Newer plastic recycling techniques approved by the U.S. Food and Drug Administration are commercially available. Coke could produce a bottle made with 25 percent recycled plastic for only about 1/10 of a cent more than virgin plastic for a 20-ounce bottle.
Bob Woodall, speaking on behalf of Waste Not Georgia, said: "Another part of the solution is creating financial incentives to increase recycling collection. We support a system of deposits on beverage containers to boost recycling, but Coke opposes deposits."
"Coke is misleading the public, trying to claim cre for plastic bottle recycling. But the facts tell a different story. Bottle bill states recycle the vast majority of plastic bottles, because deposits provide a financial incentive. Coke opposes deposits and spends millions of dollars annually to defeat new legislation and seek repeal of existing deposit laws," Woodall said.
The Container Recycling Institute, based in Arlington, Virginia, reports that the 10 states with so-called 'bottle bill' laws report recycling rates for all beverage containers (plastic, aluminum and glass) of 75 to 95 percent, which is two to three times higher than non-deposit states.
"A bottle bill in Georgia would produce a steady stream of recycled bottles which could be used by both Coke and the carpet industry. The carpet industry is one of Georgia's largest employers and the largest end-user of recycled plastic soda bottles in the nation," said Woodall.
The GrassRoots Recycling Network favors voluntary or mandatory measures that hold product manufacturers accountable for product and packaging waste, as policies and laws in many other countries already do.
Recent trade press reports indicate that Coca-Cola is beginning to use a small amount of recycled plastic to make their soda bottles.
"From the summer of 1998 to the summer of 1999, Coke used only a token amount of recycled plastic," Sheehan said. "Our information indicates that it was no more than one tenth of one percent of the more than one billion pounds of virgin plastic that Coke used to make bottles that year."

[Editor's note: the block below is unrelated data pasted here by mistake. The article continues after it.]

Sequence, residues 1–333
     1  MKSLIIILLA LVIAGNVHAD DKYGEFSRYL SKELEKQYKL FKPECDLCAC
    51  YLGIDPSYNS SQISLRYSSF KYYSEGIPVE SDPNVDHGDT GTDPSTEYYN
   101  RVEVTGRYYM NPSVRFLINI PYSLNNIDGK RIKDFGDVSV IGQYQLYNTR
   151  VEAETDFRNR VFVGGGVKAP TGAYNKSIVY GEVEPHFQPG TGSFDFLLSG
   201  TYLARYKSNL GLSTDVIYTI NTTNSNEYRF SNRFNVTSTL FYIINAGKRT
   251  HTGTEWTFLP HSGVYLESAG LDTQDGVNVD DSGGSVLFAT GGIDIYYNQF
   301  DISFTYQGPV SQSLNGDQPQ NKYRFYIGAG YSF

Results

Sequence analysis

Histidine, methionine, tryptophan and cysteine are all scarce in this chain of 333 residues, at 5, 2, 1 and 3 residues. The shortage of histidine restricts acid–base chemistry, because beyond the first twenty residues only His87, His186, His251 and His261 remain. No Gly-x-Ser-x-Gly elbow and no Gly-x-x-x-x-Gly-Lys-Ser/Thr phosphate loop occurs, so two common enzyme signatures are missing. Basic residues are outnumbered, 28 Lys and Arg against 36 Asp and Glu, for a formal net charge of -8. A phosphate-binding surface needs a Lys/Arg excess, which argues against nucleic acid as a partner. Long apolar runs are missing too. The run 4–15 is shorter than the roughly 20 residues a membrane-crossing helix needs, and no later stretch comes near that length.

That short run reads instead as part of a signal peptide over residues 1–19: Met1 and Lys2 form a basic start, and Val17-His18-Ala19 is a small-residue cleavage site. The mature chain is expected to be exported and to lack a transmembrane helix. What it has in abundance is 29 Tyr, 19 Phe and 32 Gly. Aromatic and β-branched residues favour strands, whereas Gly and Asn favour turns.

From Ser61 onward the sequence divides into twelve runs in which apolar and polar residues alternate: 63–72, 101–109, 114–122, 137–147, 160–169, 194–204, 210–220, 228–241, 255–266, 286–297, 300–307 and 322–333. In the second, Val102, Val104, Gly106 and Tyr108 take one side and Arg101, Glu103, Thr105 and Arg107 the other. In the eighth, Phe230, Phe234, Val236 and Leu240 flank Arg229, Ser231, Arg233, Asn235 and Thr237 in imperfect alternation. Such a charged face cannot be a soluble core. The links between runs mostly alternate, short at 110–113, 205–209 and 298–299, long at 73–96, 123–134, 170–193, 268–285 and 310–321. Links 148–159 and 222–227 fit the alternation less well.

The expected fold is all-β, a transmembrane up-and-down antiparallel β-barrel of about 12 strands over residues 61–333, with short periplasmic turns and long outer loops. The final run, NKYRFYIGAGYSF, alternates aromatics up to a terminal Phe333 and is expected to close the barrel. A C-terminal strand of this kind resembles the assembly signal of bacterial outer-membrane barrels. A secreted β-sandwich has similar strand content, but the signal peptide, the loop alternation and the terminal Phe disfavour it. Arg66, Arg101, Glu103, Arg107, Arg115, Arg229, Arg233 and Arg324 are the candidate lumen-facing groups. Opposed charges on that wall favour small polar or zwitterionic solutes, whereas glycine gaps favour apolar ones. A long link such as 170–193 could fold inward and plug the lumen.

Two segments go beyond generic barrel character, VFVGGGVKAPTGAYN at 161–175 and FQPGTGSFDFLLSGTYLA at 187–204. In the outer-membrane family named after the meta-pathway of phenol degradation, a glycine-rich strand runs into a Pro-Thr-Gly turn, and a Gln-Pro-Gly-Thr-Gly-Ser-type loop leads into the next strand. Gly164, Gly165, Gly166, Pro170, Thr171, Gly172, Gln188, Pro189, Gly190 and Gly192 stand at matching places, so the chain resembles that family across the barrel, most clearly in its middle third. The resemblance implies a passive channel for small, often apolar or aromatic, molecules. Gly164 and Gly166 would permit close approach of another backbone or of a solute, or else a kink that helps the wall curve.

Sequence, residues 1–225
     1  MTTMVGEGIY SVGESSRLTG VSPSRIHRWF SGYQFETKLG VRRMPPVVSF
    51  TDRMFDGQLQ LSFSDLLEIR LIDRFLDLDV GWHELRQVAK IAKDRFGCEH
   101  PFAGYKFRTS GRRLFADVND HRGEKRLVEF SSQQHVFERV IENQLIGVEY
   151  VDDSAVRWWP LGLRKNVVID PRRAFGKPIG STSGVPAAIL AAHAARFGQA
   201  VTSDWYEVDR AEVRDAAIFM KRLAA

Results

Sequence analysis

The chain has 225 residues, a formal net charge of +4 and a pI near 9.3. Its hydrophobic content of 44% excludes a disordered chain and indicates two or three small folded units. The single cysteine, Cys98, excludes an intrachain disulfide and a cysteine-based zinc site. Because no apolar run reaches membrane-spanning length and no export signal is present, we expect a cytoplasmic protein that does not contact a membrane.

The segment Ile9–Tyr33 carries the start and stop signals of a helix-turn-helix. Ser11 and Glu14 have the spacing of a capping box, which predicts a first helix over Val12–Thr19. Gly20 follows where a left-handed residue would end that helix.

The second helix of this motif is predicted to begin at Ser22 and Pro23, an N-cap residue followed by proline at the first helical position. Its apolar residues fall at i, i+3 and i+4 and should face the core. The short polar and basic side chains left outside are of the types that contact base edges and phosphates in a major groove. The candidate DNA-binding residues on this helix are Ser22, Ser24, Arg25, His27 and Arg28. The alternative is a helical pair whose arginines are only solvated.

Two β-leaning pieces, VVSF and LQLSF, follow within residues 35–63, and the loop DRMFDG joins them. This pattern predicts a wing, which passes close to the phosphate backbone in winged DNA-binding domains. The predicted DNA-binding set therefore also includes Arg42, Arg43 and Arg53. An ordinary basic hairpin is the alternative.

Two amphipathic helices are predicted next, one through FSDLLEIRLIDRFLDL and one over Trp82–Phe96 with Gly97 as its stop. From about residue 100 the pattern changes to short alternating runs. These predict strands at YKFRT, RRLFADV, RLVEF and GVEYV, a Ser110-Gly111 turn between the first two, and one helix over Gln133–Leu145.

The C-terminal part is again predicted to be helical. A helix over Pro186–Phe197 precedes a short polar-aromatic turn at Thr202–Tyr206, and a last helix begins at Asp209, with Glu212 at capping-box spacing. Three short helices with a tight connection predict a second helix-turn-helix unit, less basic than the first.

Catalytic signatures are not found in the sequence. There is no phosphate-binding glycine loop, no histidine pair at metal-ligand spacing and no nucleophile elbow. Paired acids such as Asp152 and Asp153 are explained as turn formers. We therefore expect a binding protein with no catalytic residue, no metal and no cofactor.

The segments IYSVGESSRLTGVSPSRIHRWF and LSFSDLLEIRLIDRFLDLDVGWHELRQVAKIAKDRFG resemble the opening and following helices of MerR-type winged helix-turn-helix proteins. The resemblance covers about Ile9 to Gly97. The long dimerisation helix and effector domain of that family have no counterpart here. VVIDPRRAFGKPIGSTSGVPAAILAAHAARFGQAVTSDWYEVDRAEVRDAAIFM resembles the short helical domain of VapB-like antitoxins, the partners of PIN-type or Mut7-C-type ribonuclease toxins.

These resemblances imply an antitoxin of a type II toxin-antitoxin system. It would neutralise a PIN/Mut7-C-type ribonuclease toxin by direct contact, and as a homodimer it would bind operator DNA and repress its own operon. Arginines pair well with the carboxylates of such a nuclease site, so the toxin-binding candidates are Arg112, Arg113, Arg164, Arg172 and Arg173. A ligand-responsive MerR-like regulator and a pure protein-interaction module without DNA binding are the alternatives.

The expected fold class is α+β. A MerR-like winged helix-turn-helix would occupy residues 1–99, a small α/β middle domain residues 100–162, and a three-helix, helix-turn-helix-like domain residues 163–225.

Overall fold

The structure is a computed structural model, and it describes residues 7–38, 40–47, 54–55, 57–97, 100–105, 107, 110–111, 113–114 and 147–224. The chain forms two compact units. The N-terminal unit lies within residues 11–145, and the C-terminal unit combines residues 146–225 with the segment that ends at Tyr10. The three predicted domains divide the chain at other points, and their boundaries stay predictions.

"Coca-Cola so far refuses to confirm the amount of material used or a timetable for widespread use of recycled plastic," Sheehan said. "It's time for Coke to make a clear public commitment to use recycled plastic in their bottles and support a system of financial incentives to make plastic soda bottle recycling work."
"The sign on our 20 foot bottle communicates an essential first step to solve the plastic bottle waste problem - 'Demand Coke Use Recycled Plastic Always' - and now is the time to start," Sheehan said.
The GrassRoots Recycling Network (GRRN) is a North American network of recycling and community-based activists dedicated to achieving a sustainable economy based on the principle of zero waste. GRRN advocates policies and practices to promote producer responsibility for product and packaging waste, to end corporate welfare for waste, and to create sustainable jobs from discards. GRRN was founded in 1995 by members of the Sierra Club Solid Waste Committee, the Institute for Local Self-Reliance, and the California Resource Recovery Association.
For more information on Coke's broken promise to recycle, visit the GrassRoots Recycling Network’s website at www.grrn.org.